SQL Aggregate Functions Explained

SQL Aggregate Functions Explained

This tutorial is part of the SQL Made Easy series of posts.

In this tutorial we will discuss:

  • What is an aggregate function in SQL?
  • COUNT Function
  • SUM Function
  • MIN Function
  • MAX Function
  • AVG Function
  • Combining SQL Aggregate Functions with GROUP BY

What are SQL Aggregate Functions?

When working with data in SQL, there are a lot of ways we can filter down the data to bring in exactly what we are after. This could be a range of dates, a specific set of characters in a string, the top selling products etc

Sometimes however we want to quickly look at a single value, or count of values to do some checks rather than look at full rows of data based on filters.

This is where SQL Aggregate Functions come in. There are 5 commonly used functions that we will look at in detail, each with their own specific use cases and output. These are:

FunctionDescription
COUNT()Counts the total number of rows
SUM()Adds together the total values in a column
MIN()Provides the lowest value in a column
MAX()Provides the highest value in a column
AVG()Calculates the average of all values in a column

These aggregate functions can be used on their own, typically when working with a single column such as sales, but can also be paired with the GROUP BY statement to look at the aggregations of multiple factors.

As purely looking at the sum or max values in an entire table may not be super helpful in a lot of cases, the aggregations can be paired with additional filters within a WHERE statement to help refine the data we are after.

These queries are relatively straight forward to work with. The syntax is typically as follows:

SELECT AGGREGATE_FUNCTION_NAME(COLUMN_NAME) AS OUTPUTNAME
FROM TABLE

The most important thing to note with this type of query is that the column name we are looking to work with sits inside the parentheses that follows the aggregate function name.

As we are not actually pulling in a column but an aggregation of the column the query output will also have no column name, so to make things as easy and readable as possible it is also recommended to use an alias for the outputname.

Lets look at examples now of all 5 common SQL Aggregate Functions in action.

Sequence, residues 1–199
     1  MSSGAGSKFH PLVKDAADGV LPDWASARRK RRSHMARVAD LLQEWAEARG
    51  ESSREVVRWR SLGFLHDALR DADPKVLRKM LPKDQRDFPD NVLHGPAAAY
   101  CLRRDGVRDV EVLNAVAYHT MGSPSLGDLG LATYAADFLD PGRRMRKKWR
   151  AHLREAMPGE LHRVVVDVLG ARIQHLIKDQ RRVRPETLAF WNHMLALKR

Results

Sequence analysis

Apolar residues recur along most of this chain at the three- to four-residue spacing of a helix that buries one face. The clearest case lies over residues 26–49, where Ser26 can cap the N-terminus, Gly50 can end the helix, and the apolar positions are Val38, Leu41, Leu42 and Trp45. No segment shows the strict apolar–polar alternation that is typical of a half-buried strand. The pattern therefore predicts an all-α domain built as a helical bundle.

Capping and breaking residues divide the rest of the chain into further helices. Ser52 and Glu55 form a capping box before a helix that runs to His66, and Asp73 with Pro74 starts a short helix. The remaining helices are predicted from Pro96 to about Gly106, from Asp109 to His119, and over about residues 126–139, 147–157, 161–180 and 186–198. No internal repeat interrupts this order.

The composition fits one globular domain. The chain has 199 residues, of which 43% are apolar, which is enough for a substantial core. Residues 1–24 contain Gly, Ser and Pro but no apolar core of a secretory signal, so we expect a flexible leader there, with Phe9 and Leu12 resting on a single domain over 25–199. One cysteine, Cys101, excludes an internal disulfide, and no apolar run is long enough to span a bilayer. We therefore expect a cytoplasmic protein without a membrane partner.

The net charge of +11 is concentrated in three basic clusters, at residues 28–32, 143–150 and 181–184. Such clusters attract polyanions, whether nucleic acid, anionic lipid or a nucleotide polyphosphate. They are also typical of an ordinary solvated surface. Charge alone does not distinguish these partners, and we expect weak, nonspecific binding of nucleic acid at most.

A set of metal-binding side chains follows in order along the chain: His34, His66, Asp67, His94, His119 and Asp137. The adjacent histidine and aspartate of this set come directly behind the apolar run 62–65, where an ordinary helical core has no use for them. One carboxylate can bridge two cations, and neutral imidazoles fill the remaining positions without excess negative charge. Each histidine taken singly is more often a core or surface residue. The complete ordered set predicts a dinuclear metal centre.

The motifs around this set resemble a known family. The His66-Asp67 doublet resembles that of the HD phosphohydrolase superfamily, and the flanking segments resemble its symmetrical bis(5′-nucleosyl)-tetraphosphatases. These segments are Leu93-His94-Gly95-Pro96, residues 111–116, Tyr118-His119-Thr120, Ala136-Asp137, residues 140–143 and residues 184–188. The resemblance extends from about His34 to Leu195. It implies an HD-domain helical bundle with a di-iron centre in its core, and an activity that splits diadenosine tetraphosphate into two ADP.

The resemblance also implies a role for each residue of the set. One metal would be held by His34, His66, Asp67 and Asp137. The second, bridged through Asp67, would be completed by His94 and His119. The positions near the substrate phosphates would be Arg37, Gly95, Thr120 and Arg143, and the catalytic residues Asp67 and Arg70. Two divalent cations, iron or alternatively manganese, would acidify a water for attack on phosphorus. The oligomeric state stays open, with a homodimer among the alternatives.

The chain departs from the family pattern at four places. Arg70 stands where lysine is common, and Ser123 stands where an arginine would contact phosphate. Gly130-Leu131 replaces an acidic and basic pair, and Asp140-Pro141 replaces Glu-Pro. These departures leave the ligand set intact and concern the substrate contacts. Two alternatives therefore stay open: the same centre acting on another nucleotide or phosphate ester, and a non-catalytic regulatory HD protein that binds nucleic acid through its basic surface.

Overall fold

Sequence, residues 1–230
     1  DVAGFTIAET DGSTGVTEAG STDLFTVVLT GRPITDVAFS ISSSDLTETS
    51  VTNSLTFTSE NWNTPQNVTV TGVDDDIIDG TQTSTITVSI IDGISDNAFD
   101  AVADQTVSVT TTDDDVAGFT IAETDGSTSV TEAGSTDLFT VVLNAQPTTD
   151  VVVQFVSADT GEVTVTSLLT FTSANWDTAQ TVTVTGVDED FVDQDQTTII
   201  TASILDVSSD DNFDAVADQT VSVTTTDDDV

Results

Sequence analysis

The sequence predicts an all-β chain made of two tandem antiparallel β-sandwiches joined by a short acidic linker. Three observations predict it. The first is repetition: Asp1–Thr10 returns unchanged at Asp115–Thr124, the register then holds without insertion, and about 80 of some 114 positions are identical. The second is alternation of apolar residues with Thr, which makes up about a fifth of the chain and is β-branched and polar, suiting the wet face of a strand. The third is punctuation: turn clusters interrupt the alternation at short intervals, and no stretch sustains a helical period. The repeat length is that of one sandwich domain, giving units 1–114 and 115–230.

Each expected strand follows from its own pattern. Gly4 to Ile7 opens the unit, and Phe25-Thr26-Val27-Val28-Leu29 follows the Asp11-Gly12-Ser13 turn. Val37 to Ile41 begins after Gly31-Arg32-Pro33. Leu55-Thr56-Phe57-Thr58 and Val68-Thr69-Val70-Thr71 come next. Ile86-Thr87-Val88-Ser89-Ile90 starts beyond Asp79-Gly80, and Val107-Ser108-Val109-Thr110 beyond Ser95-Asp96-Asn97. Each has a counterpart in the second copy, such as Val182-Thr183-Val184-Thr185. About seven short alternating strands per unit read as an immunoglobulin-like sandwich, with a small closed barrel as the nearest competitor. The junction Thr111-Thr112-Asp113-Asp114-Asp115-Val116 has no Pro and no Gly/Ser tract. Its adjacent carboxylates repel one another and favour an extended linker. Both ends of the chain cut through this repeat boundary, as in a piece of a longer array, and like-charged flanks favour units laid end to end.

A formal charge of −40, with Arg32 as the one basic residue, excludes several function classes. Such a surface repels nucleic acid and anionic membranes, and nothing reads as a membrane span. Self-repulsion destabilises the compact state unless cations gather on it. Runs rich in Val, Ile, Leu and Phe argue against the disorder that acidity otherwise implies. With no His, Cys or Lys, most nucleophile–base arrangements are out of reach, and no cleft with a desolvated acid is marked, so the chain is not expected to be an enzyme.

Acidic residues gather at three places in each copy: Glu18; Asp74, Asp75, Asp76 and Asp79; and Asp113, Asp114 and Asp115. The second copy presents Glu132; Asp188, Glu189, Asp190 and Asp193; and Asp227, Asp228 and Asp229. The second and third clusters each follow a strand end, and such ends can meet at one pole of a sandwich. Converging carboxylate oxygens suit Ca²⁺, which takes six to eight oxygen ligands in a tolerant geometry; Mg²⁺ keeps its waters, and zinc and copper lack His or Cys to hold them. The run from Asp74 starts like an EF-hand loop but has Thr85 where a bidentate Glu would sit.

For the examples used in this tutorial we are going to look at a dataset of top selling video games that is available on Kaggle.

SQL Count Function

In our database of the top selling video games, let’s say we wanted to quickly see how many of the titles were published by Nintendo.

To get this figure a simple count function will do the job. As we do not need to specify a single column and are just looking for the number of records in general, we can simply use the * symbol inside the parentheses. The syntax is as follows.

SQL Query:

SELECT COUNT(*) AS Count_Of_Titles
FROM vgsales
WHERE Publisher = 'Nintendo'

Result:

Count_Of_Titles
703

SQL SUM Function

Next up lets have a look at the SUM function.

In this example, let’s say we wanted to have a look at the total number of global sales for all Racing games that sit within our database.

Here we use the SUM() function with the Global_Sales column included in the parentheses as we are only looking at this specific column, and give it a name such as ‘Sum_Global_Sales. This will look like the below.

SQL Query:

SELECT SUM(Global_Sales) as Sum_Global_Sales
FROM vgsales
WHERE Genre = 'Racing'

Result:

Sum_Global_Sales
732.04

SQL MIN Function

Rather than just counting the values or adding everything together, what if we wanted to see how far back this database goes in terms of year? Because our year column in this dataset is simply a 4 character number we can work with this column and the MIN() function to see what the lowest number appearing is. See below.